• unpleasant smells or vaginal discharge
  • pelvic pain or stomach pains
  • pain when you pee
  • a high temperature
  • itchiness, redness or swelling around your vagina


If you have noticed a tampon may have been stuck inside you for some time, then it’s really important that it's removed If you are not having any luck yourself or want to be certain, head to your doctor or A&E for review. Ideally, tampons should not stay inside your vagina for more than 8 hours to reduce your risk of a dangerous (but rare) condition called toxic shock syndrome. Many times I've examined a worried patient for a lost tampon, and confirmed that their vagina was empty. It is better to be safe and get help in these circumstances!

 

What to do if a toy - or something else - gets stuck 

Dildos, wands and butt plugs: we’re all for expanding your sexual repertoire. However, with experimentation sometimes comes sticky situations. If you find that a toy gets stuck inside your vagina, it's important to stay calm. Remember, this is more common than you may think if you use penetrative toys thanks to strong muscles of the vaginal canal. Take a deep breath, relax, and try gently squatting down. This can help shift the toy downwards, making it easier to remove. If that doesn't work, another effective trick is to cough or bear down as if you're using the bathroom. This manoeuvre can create some natural pressure, helping the toy to come out naturally. If not, head to your local GP, sexual health clinic or accident and emergency.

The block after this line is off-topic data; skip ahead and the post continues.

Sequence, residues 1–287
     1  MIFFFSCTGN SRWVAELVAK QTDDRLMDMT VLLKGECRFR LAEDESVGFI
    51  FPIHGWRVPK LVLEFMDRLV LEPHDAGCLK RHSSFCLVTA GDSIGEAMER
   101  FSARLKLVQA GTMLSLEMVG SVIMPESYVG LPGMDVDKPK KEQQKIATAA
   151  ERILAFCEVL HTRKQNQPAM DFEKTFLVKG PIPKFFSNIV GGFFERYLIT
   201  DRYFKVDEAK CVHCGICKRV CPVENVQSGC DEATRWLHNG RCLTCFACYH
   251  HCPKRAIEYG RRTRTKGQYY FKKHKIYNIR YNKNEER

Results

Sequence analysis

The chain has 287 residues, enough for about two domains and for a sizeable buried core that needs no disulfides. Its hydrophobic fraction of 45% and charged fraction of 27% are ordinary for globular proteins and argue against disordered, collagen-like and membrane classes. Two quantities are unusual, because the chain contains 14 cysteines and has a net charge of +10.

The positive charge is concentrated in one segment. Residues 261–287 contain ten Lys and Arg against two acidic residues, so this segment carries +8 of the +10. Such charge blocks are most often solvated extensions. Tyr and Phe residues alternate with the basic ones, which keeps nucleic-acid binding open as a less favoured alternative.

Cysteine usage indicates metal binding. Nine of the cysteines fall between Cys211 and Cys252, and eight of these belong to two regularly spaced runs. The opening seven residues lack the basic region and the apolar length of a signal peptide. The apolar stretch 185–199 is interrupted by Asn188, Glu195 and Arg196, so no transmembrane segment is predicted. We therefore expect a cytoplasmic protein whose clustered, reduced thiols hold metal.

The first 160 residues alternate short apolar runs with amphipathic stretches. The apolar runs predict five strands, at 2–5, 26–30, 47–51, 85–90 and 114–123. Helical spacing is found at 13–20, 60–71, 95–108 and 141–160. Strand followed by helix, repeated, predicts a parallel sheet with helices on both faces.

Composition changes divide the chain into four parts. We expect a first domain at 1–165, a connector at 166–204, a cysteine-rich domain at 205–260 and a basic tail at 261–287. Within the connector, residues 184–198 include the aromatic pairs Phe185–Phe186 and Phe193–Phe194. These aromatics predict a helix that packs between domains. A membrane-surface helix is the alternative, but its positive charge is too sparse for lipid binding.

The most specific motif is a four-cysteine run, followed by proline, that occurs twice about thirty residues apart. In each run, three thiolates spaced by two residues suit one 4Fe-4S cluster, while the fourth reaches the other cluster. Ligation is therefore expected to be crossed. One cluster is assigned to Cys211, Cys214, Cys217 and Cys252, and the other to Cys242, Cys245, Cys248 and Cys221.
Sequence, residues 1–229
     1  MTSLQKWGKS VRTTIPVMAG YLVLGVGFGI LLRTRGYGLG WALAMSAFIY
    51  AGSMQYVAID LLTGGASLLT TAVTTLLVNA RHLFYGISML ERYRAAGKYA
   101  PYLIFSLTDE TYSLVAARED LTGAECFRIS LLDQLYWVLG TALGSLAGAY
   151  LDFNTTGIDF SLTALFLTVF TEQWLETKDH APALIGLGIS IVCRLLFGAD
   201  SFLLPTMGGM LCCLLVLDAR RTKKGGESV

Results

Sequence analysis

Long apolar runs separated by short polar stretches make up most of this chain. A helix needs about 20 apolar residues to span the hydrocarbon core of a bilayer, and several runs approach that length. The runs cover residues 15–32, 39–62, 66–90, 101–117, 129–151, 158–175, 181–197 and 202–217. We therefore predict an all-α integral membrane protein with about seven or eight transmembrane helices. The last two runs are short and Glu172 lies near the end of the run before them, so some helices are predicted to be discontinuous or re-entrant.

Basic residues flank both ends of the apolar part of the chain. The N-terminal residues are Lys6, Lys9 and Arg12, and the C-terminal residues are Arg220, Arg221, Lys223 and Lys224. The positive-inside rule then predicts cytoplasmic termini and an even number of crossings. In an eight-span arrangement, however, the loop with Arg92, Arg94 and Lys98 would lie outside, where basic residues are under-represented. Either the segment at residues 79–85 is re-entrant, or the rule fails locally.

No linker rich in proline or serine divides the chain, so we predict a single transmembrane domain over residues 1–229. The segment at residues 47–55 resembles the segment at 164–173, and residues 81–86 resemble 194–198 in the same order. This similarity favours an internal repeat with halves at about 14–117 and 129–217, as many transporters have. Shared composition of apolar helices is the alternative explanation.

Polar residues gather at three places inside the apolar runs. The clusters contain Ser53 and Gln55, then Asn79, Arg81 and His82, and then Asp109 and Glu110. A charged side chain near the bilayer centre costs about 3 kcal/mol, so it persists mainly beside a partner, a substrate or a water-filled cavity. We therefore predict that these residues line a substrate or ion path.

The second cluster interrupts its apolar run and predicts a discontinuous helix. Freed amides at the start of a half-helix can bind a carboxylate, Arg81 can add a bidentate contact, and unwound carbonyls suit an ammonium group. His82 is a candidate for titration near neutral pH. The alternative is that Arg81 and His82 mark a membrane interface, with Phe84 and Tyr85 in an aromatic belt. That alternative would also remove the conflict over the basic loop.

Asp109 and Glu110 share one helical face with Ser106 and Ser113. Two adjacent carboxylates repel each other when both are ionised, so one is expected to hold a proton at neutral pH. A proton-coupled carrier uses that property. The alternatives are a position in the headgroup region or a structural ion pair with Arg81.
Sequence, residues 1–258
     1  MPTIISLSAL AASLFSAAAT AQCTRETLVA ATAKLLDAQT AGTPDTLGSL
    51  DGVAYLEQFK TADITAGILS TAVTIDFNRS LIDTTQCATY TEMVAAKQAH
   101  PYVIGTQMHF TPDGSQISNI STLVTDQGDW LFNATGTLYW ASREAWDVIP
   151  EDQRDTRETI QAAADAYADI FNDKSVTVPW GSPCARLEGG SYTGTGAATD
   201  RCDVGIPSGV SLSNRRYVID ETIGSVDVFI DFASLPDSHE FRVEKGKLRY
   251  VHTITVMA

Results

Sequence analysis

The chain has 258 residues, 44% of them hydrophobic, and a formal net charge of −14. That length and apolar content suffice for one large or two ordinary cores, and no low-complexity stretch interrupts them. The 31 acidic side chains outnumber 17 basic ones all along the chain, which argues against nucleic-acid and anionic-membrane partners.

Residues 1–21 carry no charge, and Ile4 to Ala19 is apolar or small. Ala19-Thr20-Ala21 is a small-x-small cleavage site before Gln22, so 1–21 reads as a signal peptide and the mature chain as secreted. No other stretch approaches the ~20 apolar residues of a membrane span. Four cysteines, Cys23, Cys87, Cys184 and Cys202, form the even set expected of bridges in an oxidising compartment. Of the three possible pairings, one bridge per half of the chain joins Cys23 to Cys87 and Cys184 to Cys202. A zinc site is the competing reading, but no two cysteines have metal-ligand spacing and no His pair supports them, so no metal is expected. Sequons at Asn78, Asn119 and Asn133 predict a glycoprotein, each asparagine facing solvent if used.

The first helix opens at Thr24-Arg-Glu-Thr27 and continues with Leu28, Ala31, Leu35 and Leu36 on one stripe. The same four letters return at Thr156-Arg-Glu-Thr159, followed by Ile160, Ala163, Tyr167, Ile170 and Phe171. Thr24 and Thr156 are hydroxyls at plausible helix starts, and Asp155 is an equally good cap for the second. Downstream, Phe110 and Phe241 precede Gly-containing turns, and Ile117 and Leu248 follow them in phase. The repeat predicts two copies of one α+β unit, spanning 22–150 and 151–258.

Humans are both horny and curious and I’ve retrieved everything from cucumbers to golf balls from mildly shy to very embarrassed patients. If you’re in the mood for playtime, avoid repurposing household objects as these aren’t designed for sexy times. Often, they have sharp aspects or pieces that can break during masturbation or sex, which can cause soreness, increase the risk of trauma, and are just generally unsuitable for your vagina. We recommend checking out Finebone, Knude Society or our own mini suction toy, Cindy, for safe and sensual play.

Having a condom, tampon or toy stuck inside your vagina might feel embarrassing to talk to a doctor about. However, from my time in NHS sexual health, I can tell you from experience that medical professionals really do see it as a problem to be solved. They’re set on making sure you’re safe, comfortable and healthy and aren’t judging you for what’s happening with your body. Remember, if you head to the doctor or hospital for help, you can advocate for yourself and your comfort level. That includes:

  • Choosing the gender of your doctor/nurse/healthcare professional
  • Having someone with you during your appointment
  • Ensuring a chaperone (such as a healthcare provider alongside the doctor) is also present - this is standard practice in the UK.
  • Asking the health professional to stop at any point you’re uncomfortable. They will listen to you throughout the examination and not do anything you’re uncomfortable with.

Good luck and don’t panic…